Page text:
138 PROBLEMS IN EVALUATION
Foerster, John Crowe Ransom, and W. H. Auden are clearly set forth. Granted that the different critical approaches of these writers may up to a point result in collaboration rather than rivalry, nonetheless certain basic conflicts among their principles, e.g., the opposed views of Foerster and Ransom as to the place and importance of ethical standards in criticism, can only be satisfactorily accounted for by relativist theory. Such disagreements are irreconcilable and cannot be sensibly explained by absolutism. Yet three of these critics, blinded perhaps by "metaphysical cobwebs," appear to be absolutists; each one apparently holds that he is revealing the proper, decisive, and true function of criticism.
The second example which ignores the possible salutary effect of psychological relativism is T. S. Eliot's comment upon Classicism and Romanticism: "Either one attitude is better than the other, or else it is indifferent. But how can such a choice be indifferent?" 8S This dilemma is of course inescapable for the absolutist: one "of the two antithetical views" must, for him, be "right." Relativism teaches, on the contrary, that the relative value of both views is neither indifferent, nor eternal and intrinsic, but is dependent upon the temperament of the experiencing individual. Therefore when the experiences and appraisals of judicious critics diverge, why conclude that one or the other is wrong rather than that each is accurately describing his own experience and that the valuable experiences of equally sensitive individuals necessarily differ in fundamental ways? Were this position more widely accepted, traces of humility might filter through the irritating arrogance of the usual esthetic treatise which so often appears more like a case history than a reasoned argument. Rare, indeed, in writings upon art and beauty, is the humility expressed in a remark by Roger Fry: " 'I feel so infinitely less confident about anything I have to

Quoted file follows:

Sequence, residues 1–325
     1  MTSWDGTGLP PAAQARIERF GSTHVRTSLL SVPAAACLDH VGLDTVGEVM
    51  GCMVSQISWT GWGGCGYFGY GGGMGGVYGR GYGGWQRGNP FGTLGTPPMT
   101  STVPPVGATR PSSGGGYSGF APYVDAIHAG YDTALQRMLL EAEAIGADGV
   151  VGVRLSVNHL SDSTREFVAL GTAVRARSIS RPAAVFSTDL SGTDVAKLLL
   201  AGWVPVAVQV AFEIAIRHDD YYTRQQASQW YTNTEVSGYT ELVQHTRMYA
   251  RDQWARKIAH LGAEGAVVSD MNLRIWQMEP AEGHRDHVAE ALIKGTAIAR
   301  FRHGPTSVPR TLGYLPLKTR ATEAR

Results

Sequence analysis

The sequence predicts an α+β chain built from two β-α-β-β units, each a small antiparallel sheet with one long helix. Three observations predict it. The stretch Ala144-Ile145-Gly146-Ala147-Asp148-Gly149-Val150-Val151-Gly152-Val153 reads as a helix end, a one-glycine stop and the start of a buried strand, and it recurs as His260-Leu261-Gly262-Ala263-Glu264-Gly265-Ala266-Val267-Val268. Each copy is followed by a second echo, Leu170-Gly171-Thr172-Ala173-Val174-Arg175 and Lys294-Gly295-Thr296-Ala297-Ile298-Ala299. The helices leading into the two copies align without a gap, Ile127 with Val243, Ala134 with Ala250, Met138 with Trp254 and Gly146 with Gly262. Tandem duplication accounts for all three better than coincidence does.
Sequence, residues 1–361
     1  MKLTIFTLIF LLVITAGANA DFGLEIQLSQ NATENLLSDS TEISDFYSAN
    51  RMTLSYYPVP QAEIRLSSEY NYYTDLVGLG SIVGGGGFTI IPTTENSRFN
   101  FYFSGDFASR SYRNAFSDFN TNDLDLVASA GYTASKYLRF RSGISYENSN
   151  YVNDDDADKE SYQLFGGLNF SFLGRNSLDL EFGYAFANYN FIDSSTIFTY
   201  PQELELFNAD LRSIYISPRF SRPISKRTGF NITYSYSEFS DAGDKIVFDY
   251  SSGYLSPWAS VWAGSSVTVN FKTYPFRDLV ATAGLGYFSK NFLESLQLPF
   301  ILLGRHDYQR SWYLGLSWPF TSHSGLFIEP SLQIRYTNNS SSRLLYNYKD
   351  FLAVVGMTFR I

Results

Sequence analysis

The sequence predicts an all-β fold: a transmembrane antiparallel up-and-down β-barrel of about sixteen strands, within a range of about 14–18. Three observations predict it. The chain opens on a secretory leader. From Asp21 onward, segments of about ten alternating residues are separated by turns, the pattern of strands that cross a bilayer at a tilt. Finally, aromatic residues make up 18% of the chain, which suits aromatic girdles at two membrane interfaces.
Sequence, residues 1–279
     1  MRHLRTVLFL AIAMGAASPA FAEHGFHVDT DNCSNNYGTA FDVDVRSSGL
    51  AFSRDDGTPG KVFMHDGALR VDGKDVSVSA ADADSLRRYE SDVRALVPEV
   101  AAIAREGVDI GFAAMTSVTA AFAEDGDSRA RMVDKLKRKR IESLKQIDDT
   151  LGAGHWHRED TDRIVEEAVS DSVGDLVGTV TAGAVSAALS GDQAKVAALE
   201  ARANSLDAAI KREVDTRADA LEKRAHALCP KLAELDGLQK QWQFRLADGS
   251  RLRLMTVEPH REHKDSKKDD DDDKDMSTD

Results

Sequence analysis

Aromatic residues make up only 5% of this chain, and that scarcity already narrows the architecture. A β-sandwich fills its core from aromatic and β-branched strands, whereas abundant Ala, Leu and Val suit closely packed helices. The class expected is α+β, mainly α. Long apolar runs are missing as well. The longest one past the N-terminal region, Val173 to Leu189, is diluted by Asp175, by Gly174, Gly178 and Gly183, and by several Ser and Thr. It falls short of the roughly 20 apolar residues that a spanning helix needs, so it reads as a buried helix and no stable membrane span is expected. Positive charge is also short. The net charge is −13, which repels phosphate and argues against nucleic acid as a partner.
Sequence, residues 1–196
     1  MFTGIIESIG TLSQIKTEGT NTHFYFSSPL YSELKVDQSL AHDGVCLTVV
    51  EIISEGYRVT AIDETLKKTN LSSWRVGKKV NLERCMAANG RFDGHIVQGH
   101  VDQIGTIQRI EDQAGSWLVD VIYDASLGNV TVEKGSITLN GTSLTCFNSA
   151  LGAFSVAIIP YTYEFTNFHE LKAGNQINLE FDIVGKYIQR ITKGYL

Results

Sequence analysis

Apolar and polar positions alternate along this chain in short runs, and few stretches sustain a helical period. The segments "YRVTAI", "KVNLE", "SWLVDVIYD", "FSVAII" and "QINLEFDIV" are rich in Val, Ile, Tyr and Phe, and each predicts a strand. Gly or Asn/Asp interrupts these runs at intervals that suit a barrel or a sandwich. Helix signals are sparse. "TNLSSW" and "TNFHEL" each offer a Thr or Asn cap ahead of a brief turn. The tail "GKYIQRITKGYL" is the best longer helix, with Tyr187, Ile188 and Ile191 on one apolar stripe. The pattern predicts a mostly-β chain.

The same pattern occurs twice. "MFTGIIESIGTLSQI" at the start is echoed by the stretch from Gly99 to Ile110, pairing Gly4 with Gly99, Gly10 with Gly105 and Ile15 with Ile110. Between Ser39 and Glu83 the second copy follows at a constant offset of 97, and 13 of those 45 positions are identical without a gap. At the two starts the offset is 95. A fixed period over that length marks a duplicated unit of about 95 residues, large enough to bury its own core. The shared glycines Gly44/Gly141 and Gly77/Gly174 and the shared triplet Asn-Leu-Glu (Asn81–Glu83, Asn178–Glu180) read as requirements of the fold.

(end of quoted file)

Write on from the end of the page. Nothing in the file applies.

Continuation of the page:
88. Selected Essays, p. 17.